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The Forty Rules of Love: A Novel of Rumi (Paperback)
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In this lyrical, exuberant follow-up to her novel, The Bastard of Istanbul, acclaimed Turkish author Elif Shafak unfolds two tantalizing parallel narratives—one contemporary and the other set in the thirteenth century, when Rumi encountered his spiritual mentor, the whirling dervish known as Shams of Tabriz—that together incarnate the poet's timeless message of love.
Ella Rubenstein is forty years old and unhappily married when she takes a job as a reader for a literary agent. Her first assignment is to read and report on Sweet Blasphemy, a novel written by a man named Aziz Zahara. Ella is mesmerized by his tale of Shams's search for Rumi and the dervish's role in transforming the successful but unhappy cleric into a committed mystic, passionate poet, and advocate of love. She is also taken with Shams's lessons, or rules, that offer insight into an ancient philosophy based on the unity of all people and religions, and the presence of love in each and every one of us. As she reads on, she realizes that Rumi's story mirrors her own and that Zahara—like Shams—has come to set her free.
About the Author
Eli Shafak is an award-winning, bestselling novelist; a champion of women's rights and freedom of expression; and the most widely read female novelist in Turkey. Her books have been translated into more than forty languages. Her novels include The Flea Palace, The Saint of Incipient Insanities, The Bastard of Istanbul, The Forty Rules of Love, and The Architect's Apprentice. An active political commentator, columnist, and public speaker, she lives in London and Istanbul with her family.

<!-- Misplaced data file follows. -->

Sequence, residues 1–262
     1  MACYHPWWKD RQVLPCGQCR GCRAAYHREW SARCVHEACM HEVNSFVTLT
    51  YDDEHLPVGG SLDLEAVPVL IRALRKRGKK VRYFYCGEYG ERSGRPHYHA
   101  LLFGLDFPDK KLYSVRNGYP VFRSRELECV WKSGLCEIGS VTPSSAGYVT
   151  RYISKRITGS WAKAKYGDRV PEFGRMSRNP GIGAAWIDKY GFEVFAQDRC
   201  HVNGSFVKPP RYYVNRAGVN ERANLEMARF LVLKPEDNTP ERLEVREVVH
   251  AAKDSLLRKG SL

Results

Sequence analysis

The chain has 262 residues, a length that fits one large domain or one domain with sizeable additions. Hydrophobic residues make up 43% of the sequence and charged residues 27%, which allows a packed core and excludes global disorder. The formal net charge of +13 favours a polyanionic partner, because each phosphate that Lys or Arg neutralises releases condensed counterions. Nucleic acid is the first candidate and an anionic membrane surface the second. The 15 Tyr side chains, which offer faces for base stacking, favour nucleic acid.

"A captivating and wise book . . . The tale of the fated meeting, spiritual companionship, and tragic parting of [Rumi and Shams of Tabriz] is beautifully recounted in The Forty Rules of Love. . . . Shafak draws on facts from Rumi's and Sham's biographies and brings them to life with deft storytelling."
"A gorgeous, jeweled, luxurious book . . . The past and the present fit together beautifully in a passionate defense of passion itself."
--The Times (London)
"In this appealing fable, Turkish author Elif Shafak toggles between characters from different times: a modern American housewife and a thirteenth-century poet. . . . The universal theme is struggle between the rational mind and the aching heart. Shafak's heroine yields to the latter and never looks back."